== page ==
The Decade Preceding Jules Verne's 20,000 Leagues Under the Sea

A lot had been happening in the previous decade when 20,000 Leagues Under the Sea was first published in 1870.
In the previous decade, there had been a lot of warfare. There wars between China and the U.K., the U.K. and the Maori inhabitants of New Zealand, and between Imperial China and a large group of rebels numbering near half a million, who formed their own kingdom, before getting conquered by Imperial China, the war ending near the time of publishing. The American Civil war had also ended just a few years ago.
As for biology, only ten years earlier, Darwin’s Origin of Species had first entered print. The previous year, the first transatlantic cable had been laid. While dredging the ocean floor to make the channel for the long cable, zoologists discovered countless new flora and fauna. Gregor, a monk, after conducting a series of experiments, with plants, formulated the theories of “Mendelian Inheritance”.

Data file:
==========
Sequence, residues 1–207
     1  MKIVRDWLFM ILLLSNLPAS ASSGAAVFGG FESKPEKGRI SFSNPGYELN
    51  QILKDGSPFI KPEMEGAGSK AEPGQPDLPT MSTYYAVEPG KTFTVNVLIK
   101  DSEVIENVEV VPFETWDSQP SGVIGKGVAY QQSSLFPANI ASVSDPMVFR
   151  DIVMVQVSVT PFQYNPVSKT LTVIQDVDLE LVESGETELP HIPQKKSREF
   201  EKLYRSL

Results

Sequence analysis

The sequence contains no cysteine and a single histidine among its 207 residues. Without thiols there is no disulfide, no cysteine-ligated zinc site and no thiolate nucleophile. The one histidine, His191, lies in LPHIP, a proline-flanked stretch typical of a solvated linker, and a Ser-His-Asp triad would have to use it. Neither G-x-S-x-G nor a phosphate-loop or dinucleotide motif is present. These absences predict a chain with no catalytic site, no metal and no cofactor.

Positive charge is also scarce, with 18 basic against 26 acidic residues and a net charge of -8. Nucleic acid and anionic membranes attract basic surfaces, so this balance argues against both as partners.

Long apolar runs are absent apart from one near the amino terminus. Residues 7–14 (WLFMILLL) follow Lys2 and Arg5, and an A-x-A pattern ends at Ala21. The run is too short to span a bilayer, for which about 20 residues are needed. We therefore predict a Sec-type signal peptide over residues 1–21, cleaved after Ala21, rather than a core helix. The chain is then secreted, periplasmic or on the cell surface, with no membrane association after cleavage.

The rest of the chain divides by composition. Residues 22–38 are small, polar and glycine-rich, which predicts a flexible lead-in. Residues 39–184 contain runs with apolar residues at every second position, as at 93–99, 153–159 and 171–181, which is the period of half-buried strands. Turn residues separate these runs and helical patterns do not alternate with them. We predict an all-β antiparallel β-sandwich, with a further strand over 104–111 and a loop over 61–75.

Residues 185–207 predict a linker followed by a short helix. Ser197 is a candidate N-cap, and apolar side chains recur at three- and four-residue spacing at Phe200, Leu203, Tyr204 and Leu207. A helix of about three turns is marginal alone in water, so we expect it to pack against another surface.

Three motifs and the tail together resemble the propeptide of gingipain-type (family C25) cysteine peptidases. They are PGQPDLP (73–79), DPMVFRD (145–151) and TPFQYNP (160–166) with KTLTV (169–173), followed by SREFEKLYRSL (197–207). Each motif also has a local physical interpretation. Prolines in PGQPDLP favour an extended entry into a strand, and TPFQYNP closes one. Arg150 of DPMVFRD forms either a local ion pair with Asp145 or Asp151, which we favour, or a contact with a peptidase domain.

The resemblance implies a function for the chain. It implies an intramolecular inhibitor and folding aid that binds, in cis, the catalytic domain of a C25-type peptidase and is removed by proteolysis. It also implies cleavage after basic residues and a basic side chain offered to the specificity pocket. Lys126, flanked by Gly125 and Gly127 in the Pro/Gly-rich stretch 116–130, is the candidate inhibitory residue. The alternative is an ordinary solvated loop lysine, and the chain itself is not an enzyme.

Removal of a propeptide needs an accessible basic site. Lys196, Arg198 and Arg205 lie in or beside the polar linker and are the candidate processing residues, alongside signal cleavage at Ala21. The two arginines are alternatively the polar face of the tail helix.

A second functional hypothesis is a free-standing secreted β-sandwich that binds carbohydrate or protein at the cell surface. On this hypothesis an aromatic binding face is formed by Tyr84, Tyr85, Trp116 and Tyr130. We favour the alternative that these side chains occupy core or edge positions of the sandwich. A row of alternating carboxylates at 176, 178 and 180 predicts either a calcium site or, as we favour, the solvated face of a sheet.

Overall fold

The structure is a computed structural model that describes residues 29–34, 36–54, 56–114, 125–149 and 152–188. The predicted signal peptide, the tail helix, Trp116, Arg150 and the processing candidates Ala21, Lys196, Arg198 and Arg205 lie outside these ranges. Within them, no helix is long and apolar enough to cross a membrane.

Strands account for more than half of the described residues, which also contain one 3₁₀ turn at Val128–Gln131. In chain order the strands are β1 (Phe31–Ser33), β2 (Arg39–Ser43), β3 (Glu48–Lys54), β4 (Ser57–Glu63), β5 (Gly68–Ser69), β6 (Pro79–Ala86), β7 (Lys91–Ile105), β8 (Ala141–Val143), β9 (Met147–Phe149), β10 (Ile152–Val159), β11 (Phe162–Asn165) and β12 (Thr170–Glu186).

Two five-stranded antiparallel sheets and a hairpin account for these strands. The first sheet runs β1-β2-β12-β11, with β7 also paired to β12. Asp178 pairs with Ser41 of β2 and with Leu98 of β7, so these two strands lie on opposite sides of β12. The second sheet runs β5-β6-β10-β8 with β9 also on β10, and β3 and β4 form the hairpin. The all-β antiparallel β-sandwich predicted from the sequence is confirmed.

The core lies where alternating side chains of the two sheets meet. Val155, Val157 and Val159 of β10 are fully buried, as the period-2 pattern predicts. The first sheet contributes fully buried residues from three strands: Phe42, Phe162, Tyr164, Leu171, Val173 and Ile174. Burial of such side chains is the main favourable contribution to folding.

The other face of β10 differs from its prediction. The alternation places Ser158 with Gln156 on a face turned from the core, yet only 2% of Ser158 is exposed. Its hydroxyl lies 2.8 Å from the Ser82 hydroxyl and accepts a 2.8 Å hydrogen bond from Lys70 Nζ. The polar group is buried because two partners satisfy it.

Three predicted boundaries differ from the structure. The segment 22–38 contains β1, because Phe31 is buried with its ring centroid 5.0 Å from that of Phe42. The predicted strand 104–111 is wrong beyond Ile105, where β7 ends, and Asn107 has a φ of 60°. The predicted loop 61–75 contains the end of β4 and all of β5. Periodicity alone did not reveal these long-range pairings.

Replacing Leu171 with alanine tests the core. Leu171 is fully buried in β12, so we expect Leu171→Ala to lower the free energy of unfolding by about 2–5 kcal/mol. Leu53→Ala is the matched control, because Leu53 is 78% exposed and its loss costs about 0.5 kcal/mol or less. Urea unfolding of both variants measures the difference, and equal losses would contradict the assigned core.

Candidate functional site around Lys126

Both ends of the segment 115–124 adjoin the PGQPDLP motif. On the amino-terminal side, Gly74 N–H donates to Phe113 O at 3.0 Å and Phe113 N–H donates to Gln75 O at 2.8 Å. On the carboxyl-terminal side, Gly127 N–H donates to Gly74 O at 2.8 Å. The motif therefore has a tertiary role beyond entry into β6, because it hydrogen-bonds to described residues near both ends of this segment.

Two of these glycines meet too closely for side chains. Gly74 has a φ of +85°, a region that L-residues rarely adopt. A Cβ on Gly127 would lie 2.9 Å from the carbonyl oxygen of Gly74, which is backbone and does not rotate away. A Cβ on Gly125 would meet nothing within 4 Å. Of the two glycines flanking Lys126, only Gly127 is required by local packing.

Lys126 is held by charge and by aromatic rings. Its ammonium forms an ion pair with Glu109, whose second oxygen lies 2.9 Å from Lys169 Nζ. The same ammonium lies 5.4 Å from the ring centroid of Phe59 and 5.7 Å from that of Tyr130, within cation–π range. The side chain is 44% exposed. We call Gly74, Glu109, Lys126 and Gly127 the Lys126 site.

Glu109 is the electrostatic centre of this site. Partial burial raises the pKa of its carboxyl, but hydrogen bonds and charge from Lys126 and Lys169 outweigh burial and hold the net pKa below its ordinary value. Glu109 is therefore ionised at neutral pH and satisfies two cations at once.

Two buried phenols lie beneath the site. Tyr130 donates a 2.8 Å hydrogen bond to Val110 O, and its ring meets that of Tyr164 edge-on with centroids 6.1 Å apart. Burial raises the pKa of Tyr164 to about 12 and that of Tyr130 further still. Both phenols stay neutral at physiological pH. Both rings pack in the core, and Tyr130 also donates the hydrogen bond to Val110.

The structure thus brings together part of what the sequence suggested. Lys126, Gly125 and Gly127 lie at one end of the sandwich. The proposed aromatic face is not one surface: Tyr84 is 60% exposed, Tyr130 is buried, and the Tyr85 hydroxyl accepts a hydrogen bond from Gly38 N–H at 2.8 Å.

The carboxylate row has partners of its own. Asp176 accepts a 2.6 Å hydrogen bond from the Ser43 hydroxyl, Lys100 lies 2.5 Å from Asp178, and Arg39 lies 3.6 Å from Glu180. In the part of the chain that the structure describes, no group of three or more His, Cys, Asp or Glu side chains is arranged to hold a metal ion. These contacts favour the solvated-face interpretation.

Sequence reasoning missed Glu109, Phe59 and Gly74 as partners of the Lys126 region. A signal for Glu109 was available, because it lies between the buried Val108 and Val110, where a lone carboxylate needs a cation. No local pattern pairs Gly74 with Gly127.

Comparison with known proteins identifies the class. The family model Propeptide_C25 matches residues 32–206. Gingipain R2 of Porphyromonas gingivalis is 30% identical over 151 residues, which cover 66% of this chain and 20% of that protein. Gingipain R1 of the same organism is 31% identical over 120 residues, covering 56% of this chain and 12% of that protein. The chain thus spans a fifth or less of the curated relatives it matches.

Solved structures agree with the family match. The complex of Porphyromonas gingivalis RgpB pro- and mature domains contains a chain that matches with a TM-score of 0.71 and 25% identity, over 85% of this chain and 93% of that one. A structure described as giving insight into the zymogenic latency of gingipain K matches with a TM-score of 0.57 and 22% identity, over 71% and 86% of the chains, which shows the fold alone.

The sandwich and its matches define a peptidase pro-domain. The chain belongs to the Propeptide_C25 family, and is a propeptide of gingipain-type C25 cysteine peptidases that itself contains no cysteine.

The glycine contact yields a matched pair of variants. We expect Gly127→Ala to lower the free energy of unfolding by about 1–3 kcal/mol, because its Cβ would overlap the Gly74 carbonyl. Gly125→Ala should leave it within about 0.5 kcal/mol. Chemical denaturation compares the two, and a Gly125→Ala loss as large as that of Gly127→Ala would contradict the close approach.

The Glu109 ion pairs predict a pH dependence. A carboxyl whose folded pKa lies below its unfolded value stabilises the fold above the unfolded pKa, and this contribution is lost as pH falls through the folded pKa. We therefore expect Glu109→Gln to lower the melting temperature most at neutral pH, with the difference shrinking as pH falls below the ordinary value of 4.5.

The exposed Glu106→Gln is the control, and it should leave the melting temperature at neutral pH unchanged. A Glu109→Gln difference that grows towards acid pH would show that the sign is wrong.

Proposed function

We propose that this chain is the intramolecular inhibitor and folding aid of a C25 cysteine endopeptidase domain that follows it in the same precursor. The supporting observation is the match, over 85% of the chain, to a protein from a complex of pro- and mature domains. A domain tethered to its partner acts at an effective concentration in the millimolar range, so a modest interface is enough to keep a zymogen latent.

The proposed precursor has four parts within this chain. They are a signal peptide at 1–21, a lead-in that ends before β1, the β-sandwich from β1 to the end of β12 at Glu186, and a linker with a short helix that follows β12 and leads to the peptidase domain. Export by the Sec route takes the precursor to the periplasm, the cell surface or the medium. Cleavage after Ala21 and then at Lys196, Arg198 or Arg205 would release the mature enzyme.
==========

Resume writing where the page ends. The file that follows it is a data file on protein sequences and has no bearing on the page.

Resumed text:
The Telegraph union was founded in 1865, in Germany, Alfred Nobel invented an explosive, dynamite. The first transcontinental railroad was completed in the U.S. at Promontory Summit, Utah, in 1869. Whale harpooners were still in business at the time as well.
The 1860s were at the beginning of the 40 year long bicycle craze that lasted till 1900. Skiing was invented in 1862 additionally. Impressionism also became visible to the public eye.
In summary, there were many different advances in technology, biology, as well as several wars, in the decade preceding Jules Verne’s 20,000 Leagues Under the Sea.